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When answering another question, I was using this pattern to call a function recursively:

(function() {
    // ...
    if(should_call_again) arguments.callee();

which worked. I got feedback that naming the function also worked:

(function func() {
    // ...
    if(should_call_again) func();

However, with this technique, window.func is undefined, which came as a surprise to me.

If I put it simply, my question is: why is the following true?

function a() {}
typeof window.a; // "function"

(function b() {})
typeof window.b; // "undefined"

b is still be accessible inside b itself. So it seems like the ( ) create another scope, but that cannot be the case because only functions create another scope, and I'm just wrapping it inside ( ).

So why does wrapping a function inside ( ) not put the function into the global object?

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I don't know why the function is accessible by its name, but wrapping the definition in () makes it a function expression and even if they have a name, it does not create a symbol in the current scope. –  Felix Kling Aug 15 '11 at 12:45
It's probably evaluated and since it is not assigned to a variable, it doesn't appear in that scope. –  Aram Kocharyan Aug 15 '11 at 12:46
Maybe the activation object created on function invokation has a reference to the function itself by its name. Even if you assign the function to a variable, it will be accessible by its name from inside the function. –  Felix Kling Aug 15 '11 at 12:54
For an explanation why the function is accessible by its name inside the function, see this answer: stackoverflow.com/questions/7065120/… –  Felix Kling Aug 15 '11 at 13:06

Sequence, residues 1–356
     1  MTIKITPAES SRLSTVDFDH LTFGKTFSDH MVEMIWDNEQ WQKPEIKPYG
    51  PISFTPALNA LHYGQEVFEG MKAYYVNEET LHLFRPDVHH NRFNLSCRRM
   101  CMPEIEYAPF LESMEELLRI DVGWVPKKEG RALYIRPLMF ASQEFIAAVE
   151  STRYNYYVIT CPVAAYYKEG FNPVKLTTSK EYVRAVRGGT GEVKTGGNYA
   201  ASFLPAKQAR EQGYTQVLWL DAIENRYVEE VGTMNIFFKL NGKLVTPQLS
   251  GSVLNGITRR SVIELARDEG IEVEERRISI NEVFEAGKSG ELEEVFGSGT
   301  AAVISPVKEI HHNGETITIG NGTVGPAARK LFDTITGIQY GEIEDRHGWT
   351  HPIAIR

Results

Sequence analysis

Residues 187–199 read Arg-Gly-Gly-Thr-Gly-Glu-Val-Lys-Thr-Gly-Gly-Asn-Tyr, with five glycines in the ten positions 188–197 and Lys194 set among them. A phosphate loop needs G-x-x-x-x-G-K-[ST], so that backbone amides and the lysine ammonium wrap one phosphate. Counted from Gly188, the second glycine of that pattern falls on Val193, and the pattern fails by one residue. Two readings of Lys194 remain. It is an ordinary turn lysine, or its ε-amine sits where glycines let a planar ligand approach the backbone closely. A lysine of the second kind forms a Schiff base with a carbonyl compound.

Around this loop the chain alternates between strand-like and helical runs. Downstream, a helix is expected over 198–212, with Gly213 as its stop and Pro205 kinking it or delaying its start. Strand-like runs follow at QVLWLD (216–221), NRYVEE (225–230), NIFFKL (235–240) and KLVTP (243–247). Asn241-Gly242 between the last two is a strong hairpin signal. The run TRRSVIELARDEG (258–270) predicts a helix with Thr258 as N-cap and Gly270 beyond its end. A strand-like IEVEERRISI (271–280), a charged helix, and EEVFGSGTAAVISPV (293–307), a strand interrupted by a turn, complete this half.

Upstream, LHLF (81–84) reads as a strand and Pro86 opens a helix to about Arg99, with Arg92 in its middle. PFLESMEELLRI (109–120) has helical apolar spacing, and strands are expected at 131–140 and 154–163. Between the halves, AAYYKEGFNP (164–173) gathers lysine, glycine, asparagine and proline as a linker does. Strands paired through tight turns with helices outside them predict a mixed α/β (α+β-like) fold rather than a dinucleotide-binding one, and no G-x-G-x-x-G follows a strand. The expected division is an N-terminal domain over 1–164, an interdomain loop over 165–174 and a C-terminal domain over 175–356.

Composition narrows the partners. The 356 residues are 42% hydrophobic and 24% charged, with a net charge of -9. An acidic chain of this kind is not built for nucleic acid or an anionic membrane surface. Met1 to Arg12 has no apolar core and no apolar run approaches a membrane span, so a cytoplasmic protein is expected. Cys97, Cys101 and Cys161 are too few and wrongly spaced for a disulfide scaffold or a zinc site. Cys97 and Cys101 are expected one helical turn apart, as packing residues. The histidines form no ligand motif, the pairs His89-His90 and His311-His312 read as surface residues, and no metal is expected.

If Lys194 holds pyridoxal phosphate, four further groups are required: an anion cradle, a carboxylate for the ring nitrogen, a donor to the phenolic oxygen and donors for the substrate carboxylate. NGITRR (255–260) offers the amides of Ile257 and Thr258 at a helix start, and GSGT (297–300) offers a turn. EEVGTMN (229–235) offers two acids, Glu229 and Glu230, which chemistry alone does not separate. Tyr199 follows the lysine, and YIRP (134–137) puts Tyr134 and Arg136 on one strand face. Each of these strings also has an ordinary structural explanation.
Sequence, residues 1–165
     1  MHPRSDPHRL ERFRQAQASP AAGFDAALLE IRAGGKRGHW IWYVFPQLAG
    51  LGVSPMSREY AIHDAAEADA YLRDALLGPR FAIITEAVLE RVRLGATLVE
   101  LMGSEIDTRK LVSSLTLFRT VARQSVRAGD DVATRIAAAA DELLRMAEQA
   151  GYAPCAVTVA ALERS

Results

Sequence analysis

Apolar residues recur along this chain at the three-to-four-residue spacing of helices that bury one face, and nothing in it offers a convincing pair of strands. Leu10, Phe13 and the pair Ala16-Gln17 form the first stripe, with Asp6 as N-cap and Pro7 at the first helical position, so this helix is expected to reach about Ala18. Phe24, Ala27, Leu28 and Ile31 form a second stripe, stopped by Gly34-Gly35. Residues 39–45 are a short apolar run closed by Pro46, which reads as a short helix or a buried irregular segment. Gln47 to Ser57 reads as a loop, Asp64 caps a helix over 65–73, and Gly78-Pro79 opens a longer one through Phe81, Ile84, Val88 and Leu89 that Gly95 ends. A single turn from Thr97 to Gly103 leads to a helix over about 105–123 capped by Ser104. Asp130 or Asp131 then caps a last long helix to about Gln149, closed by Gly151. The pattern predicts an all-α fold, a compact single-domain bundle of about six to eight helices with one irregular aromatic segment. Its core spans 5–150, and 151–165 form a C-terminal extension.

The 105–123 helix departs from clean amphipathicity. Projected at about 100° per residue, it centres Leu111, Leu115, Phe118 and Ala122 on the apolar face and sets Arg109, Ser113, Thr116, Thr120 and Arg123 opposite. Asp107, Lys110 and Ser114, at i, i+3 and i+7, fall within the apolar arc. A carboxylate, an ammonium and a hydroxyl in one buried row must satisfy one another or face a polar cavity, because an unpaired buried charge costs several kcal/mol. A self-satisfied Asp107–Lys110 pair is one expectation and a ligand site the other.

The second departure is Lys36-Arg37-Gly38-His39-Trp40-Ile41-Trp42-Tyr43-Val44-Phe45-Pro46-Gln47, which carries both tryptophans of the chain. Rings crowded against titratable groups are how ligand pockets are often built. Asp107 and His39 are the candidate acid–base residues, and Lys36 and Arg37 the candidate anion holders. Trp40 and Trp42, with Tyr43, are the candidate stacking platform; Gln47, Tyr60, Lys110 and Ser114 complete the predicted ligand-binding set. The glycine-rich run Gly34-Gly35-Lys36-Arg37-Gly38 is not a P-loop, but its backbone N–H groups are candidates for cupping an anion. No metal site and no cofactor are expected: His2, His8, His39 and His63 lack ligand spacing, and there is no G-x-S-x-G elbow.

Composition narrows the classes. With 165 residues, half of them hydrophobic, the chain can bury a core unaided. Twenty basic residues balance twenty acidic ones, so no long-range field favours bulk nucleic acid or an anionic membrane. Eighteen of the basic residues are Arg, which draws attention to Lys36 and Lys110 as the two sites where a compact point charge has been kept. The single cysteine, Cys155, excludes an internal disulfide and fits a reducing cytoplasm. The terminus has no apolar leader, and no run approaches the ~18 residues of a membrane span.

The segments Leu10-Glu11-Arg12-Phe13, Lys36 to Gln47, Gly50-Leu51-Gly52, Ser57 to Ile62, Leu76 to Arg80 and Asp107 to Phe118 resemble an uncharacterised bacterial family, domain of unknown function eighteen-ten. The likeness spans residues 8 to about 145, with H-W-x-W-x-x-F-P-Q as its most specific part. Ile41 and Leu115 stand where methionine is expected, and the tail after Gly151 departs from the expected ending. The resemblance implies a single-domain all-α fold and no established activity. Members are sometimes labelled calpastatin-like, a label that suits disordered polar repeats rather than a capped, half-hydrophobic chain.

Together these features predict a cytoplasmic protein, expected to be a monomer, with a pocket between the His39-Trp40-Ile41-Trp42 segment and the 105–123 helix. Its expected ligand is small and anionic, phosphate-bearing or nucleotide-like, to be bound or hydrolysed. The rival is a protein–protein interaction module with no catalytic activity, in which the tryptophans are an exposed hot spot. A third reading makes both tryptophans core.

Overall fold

@Felix Kling: I think that answers my question. ... the Identifier in a FunctionExpression cannot be referenced from and does not affect the scope enclosing the FunctionExpression. –  pimvdb Aug 15 '11 at 13:14

2 Answers 2

up vote 5 down vote accepted

Because you're not writing a function declaration, but a function expression.

Functions defined in function expressions only get stored someplace when you assign them to a variable; you did not do that; you just called it immediately.

In a [very loose!] sense, you could think of function declarations as a special form of function expression assignment:

function a() {}
// vs:
var a = function() {};

This is still not a strictly accurate comparison, but it may help in understanding that a function declaration is kind of a special thing.

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There is a subtle difference that you appear to have overlooked, instead of defining the function as:

(function b () { });

It is actually written out as: (note the extra set of parenthases on the end)

(function b () { }());

When you write a function like this, it is immediately invoked and yet still carries its own scope.

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Thanks. I'm not sure if I understand you correctly, though. (function b (){ console.log(1) }); does not log anything. –  pimvdb Aug 15 '11 at 12:53

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